DOE is preparing a request for proposals to hire a company to maintain about 57,000 cylinders - roughly 37,000 at Paducah - of depleted uranium hexafluoride from enrichment. The request will include the design, construction, operation and ultimate shutdown of facilities at the Paducah and Portsmouth plants to convert the hazardous material into something safer for potential sale.

The plan says USEC employees already doing cylinder work will transfer to Bechtel Jacobs, DOE's lead environmental contractor, or subcontractors once a labor agreement is reached. Those who lose jobs in the new layoffs and hired by the Bechtel Jacobs work group will be "at substantially equivalent pay and benefits" with continued company service credit and the Multiple-Employer Pension Plan.

USEC and the plants' atomic workers' union have reached agreements to allow displaced USEC workers who get jobs with the Bechtel Jacobs group, but are laid off later, to return to USEC employment using "bump back" seniority rights.

USEC previously cut 192 jobs at the Paducah plant through voluntary layoffs and is reviewing several more applications, the plan says. About 90 percent of those chose a lump sum cash benefit, and the average severance benefit is more than $40,000 - "substantially more" than at other DOE plants.

During the initial cuts, 474 workers were laid off voluntarily at both plants, and 28 more applications are under review. The breakdown included 308 salaried and 164 hourly workers.

The plan says USEC is responsible for providing severance to laid-off employees under its human resources and collective bargaining agreements, and DOE will fund "any enhancements" to those benefits.

Other plan highlights:

--Salaried employees are selected for involuntary cuts based on past performance, relevant education and training, possession of critical skills, how well skills transfer, and company service. For hourly employees, those with least seniority are laid off from each affected classification.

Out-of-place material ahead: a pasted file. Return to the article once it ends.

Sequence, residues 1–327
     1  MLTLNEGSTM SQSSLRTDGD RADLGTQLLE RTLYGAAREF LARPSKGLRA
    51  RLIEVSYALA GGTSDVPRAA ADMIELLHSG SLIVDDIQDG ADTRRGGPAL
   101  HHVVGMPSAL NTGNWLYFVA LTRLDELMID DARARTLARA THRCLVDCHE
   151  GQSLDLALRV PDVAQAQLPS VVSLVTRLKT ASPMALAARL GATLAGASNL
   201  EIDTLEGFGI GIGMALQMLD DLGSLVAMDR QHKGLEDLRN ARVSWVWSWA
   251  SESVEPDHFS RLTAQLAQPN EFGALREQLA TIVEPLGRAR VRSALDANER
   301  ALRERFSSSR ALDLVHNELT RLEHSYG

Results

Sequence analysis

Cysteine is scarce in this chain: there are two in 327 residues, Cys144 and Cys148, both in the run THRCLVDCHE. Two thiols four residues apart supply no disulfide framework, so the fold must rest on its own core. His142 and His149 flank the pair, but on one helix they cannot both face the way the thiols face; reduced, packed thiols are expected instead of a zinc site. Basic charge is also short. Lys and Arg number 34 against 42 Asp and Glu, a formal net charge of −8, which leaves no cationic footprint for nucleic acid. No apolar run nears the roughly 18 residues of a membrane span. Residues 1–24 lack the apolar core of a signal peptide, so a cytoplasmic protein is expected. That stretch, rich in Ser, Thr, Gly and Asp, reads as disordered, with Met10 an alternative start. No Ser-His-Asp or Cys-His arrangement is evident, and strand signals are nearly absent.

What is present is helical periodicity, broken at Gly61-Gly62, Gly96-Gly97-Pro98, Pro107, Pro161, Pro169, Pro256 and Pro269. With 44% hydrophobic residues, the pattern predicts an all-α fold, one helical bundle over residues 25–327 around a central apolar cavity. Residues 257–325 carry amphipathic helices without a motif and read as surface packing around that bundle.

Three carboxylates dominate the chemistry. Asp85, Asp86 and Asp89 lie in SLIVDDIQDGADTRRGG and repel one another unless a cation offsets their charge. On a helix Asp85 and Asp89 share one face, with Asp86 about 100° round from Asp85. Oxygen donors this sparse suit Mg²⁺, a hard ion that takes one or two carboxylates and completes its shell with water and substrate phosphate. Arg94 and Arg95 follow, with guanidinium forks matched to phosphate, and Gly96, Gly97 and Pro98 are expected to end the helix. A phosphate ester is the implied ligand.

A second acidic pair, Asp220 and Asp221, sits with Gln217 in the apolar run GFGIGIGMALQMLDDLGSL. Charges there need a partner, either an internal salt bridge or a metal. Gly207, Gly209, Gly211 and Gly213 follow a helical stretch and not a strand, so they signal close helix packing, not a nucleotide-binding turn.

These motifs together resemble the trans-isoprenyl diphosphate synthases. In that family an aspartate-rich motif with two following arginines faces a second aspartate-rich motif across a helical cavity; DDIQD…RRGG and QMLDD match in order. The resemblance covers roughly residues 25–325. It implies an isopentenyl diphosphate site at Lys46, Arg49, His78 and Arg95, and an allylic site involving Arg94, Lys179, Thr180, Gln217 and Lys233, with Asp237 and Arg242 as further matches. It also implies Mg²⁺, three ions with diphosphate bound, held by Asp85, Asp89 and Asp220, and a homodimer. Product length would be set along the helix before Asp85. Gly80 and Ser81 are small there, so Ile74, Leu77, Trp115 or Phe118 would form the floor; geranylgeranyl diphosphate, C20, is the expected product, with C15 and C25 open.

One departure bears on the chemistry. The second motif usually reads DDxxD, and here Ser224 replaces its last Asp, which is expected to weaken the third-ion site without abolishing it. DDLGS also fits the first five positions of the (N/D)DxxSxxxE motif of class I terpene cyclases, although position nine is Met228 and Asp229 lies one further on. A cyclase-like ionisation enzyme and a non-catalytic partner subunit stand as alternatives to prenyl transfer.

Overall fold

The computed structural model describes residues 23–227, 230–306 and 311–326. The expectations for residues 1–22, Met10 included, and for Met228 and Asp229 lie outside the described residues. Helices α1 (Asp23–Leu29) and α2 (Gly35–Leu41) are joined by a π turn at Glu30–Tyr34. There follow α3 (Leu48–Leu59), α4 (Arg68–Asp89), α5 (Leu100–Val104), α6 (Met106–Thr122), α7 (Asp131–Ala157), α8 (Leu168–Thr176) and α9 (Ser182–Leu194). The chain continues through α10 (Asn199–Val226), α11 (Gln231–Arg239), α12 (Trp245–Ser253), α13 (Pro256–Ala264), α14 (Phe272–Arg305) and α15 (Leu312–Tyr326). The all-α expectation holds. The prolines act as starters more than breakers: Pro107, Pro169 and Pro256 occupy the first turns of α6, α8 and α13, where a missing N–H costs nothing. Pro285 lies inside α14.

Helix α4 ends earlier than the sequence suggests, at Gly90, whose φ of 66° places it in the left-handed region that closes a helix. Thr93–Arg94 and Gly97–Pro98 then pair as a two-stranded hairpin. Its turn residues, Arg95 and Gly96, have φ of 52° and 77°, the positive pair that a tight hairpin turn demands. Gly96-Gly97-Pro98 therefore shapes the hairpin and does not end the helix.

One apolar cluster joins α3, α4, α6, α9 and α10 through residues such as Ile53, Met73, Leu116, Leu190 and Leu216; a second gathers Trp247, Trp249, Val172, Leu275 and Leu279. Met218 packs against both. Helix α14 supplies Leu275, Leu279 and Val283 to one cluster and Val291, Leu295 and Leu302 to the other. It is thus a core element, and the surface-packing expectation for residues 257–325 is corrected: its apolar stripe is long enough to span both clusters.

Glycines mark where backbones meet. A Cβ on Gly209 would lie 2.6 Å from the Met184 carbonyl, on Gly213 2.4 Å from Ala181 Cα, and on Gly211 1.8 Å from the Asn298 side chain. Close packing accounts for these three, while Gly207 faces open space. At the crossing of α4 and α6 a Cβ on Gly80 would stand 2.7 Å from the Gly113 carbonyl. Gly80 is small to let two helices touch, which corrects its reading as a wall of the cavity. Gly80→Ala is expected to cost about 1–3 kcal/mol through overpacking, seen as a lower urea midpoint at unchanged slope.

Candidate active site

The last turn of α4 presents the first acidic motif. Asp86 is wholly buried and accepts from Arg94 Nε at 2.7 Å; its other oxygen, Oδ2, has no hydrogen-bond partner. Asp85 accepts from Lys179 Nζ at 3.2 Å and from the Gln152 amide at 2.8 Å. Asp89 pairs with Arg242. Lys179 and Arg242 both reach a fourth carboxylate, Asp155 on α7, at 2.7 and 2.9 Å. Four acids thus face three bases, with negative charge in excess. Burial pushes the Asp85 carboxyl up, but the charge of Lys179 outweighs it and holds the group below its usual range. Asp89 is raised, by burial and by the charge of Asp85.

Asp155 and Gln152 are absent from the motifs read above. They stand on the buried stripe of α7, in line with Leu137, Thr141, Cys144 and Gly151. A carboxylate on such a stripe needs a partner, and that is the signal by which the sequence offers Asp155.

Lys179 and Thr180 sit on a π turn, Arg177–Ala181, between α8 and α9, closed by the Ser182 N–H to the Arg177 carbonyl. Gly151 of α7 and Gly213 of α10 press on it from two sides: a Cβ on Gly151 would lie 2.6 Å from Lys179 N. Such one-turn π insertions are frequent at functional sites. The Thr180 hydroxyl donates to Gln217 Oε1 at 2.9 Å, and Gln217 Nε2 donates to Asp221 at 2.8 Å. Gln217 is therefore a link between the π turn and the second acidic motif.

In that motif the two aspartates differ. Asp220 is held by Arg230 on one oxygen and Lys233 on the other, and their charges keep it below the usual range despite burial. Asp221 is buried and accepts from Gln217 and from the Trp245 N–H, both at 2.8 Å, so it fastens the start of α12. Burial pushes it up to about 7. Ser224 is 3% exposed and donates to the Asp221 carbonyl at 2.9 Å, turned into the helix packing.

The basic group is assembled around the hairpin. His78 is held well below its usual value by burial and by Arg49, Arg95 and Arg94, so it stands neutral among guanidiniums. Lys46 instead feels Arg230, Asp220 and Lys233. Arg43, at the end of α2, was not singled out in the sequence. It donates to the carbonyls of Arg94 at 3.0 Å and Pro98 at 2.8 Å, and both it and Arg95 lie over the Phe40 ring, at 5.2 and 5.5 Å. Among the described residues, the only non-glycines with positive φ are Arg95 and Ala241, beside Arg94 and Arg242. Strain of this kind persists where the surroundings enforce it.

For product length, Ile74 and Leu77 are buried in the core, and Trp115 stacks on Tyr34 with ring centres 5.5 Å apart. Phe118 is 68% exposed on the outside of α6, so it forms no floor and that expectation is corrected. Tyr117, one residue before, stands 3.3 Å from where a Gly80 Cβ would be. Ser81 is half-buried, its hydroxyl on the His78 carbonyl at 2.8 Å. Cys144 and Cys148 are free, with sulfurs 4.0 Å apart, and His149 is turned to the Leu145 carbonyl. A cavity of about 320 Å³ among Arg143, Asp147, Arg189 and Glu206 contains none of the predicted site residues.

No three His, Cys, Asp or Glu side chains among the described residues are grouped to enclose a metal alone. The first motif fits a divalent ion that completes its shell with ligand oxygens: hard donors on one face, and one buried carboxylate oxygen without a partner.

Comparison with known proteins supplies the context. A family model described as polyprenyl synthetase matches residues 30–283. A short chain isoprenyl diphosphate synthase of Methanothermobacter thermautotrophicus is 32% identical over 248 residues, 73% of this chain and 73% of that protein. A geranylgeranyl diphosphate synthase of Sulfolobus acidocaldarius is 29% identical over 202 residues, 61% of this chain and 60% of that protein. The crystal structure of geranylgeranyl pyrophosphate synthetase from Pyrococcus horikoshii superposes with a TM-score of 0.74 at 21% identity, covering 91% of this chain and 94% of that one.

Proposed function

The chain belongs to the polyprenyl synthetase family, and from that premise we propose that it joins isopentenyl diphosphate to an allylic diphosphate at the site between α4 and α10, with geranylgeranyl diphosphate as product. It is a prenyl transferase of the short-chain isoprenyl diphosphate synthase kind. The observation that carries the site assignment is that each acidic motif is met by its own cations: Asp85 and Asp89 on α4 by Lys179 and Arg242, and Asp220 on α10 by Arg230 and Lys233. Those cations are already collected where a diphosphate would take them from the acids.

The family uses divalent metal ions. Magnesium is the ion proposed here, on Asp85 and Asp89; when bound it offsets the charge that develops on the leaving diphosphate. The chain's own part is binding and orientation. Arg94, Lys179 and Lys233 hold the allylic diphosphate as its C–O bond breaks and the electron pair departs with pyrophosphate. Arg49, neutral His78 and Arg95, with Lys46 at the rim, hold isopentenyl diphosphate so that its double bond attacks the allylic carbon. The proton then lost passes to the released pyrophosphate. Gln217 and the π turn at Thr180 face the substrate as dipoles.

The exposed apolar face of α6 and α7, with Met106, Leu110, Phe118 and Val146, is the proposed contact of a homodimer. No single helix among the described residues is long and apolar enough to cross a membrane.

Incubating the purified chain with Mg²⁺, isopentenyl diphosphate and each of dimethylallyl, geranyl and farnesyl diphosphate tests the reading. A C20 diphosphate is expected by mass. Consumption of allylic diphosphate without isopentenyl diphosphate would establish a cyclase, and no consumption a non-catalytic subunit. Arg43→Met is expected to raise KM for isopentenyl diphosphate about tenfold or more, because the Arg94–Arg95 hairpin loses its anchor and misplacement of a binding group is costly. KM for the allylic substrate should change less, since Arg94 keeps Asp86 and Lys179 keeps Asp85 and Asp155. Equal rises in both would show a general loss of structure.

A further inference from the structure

--Employees who are laid off involuntarily receive severance pay based on company service. The range of severance pay at Paducah - based on five to 30 years' service - is three to 26 weeks' pay for union workers and 4.3 to 30.4 weeks' pay for salaried workers. Generally, those with at least five years' service are vested for pension. All have opportunities to convert life, health and dental insurance.

--DOE pays the cost for those laid-off workers who are ineligible for other employers' group health plans or Medicare, and who can't find DOE-related jobs.

--The department anticipates providing funds to train displaced workers for skills needed to acquire DOE-related jobs or other jobs, and provide career transition and outplacement help. To avoid involuntary job cuts, the department may provide opportunities for workers to voluntarily leave jobs with earned severance.

Copies of the draft plan are available at the DOE Environmental Information Center at Kevil and the Paducah Public Library. They can also can be viewed via the Internet on the DOE Office of Worker Transition home page at under the section, "What's New."

Comments can be transmitted to the Paducah DOE Site Office at or to the Office of Worker and Community Transition at